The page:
There is a major exegetical questions that arise from the Greek text here: just how is panta sunergei to be construed? Cranfield, pp 425-8, lists no less than eight exegetical options. The arguments there are not appropriate for a blog entry that merely seeks to understand the flow of Paul's thought. On a personal aside, I found myself nodding off as I carefully studied the arguments for/against the eight positions. Please don't test me on them! [Ah, the devil is in the details.] If I'm understanding Schreiner correctly, he agrees with Cranfield's view that "all things" --- as compared to God or the Holy Spirit --- is the subject of the verb "work together," though plenty of commentators take God to be the subject of the verb "work together" [such as Metzger and Morris], while others take the Spirit to be the subject of the verb "work together" [such as Bruce and Fee]. See Schreiner pp 448-9.

What we're concerned with is the flow of Pauline thought. How do verses 8:28-30 relate to what has already been said? Schreiner here says [in a superior fashion] what my inclinations indicate [p 448]:

Believers are filled with hope because the Spirit prays according to the will of God and His requests are always answered affirmatively (Rom 8:26-7). The succeeding verses 8:28-30 reveal that the central goal of the Spirit's prayers is that believers become conformed to the image of God's Son, Jesus Christ. Believers can be confident that such a future destiny will be theirs because God works all things according to good for His children. We know that all things turn our for our good because God set His covenental affection upon us, predestined us to be like His Son, called us to salvatoin, justified us, and will certainly glorify us.

This seems to nail down just what was Paul's thought-flow here in 8:28-30.

Here's an important pastoral application. When Paul states that all things work together for the good for those who love God, what exactly is Paul saying? If this were an isolated statement of Paul, we might have sympathy for those who view their faith as entitling them to a comfortable travail-free existence in the here-and-now. We might also identify with those people who have had something seriously wrong happen in their lives [maiming, crippling, loss of fortune, destruction of property, death of a loved one, etc etc etc] and use this something to impugn God's integrity, or even His providence or, in the most extreme, even the reality of His existence. However, the statement that all things work together for the good for those who love God does not exist in isolation, but is woven in rather tightly to the tapestry of Romans 8. In the immediate context of this passage, St Paul is not talking about life-in-general, but he is talking about the hope we have in our ultimate salvation. And any natural reading of Paul [as would any natural reading of anybody else] must take the context into account. Paul is concerned here with the believer's hope in salvation and, ultimately the believer's salvation itself --- and this is the context in which all things work together for the good of those who love God. It is quite possible that, say, my life in the future will be filled with travail, as compared with the relatively easy living [who are we kidding --- EASY LIVIN' !!] that I presently have, but, if I understand Paul correctly, I must view future travails as having the ultimate benefit of working towards my salvation. Now I may be kicking and screaming like a village atheist when something bad happens, but Paul's words will put the lie to my thoughts and actions.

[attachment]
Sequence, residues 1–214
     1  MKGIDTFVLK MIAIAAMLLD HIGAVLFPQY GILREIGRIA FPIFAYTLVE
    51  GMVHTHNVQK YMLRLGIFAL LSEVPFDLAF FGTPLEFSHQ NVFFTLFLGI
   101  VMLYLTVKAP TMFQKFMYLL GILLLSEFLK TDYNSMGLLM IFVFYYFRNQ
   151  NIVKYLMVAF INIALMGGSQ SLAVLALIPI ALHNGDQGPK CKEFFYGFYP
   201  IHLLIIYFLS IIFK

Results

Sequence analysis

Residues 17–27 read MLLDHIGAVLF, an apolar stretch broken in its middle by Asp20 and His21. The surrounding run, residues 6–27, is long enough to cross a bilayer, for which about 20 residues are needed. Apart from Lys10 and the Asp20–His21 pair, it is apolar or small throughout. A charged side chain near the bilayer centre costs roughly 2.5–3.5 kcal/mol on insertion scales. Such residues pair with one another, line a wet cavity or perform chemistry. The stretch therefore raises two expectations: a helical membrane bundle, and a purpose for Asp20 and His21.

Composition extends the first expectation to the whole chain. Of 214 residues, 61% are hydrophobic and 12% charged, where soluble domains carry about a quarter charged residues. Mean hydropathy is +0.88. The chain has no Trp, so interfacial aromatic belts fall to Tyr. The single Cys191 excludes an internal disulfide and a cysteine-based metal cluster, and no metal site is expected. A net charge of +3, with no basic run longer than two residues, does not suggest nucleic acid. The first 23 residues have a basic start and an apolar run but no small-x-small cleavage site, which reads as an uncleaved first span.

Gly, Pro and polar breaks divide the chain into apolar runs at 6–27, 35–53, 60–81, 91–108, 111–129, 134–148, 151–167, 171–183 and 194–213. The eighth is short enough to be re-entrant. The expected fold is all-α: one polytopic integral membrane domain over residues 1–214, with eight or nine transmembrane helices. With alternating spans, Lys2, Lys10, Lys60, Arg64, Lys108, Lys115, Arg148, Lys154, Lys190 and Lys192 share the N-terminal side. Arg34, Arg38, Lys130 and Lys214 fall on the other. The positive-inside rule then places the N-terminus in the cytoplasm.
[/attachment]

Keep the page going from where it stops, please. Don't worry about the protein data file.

Note too that we are reading too much into Paul if we deduce that when bad things happen, the reason or "the how" of just how the bad thing happens to work towards the ultimate goal of our salvation will somehow be obvious. Quite often, I have seen, there is no seeming link between the bad circumstance and one's salvation. And, to be honest, when I think of, say, the athletic Christian guy who gets in a car accident and lives the rest of his life as a cripple in a wheelchair, I cannot see how this works together for his salvation. It would, personally, make me very bitter, and it would be a rather stiff test regarding just how seriously I take scripture. One can blog on it and talk about it, and, even when one is sensitive that one has an easy life while writing about "bad things," nothing is like being the victim or protagonist in whatever bad circumstances arise. Here, I suppose, we must resort to the inscrutability of God's purposes, if we cannot explain, say, the cripple situation above.

Let's now attempt a master summary of Romans 8:17-30.

Paul moves from being children of God in 8:16 to sonship in 8:17-30. This sonship allows us to be fellow-heirs of God's riches along with Christ, though we'll possibly suffer in the here-and-now. But if we do suffer and travail, this will end up being insignificant and inconsequential when viewed from the perspective of our glorification and resurrection bodies. This hope that we have in the future is attested to even by Paul's poetic references to the sub-human creation, which now exists in a state of vain ineptitude relative to the man-serving purpose for which it was originally created, for the creation itself groans and travails awaiting our liberation from corruption, which will trigger the creation's liberation from the corruption, allowing it to serve man as originally intended. And, on top of this hope, the Holy Spirit is there to help us in our lives, weaknessses, a prayers. With such a co-belligerent our hope is surely certain. And, also along the lines of our hope, we can have firm certainty that whatever happens in our lives works towards the ultimate goal of our salvation [even though it may make our present lives rather troublesome, and even though we may not see just how what happens works to salvation].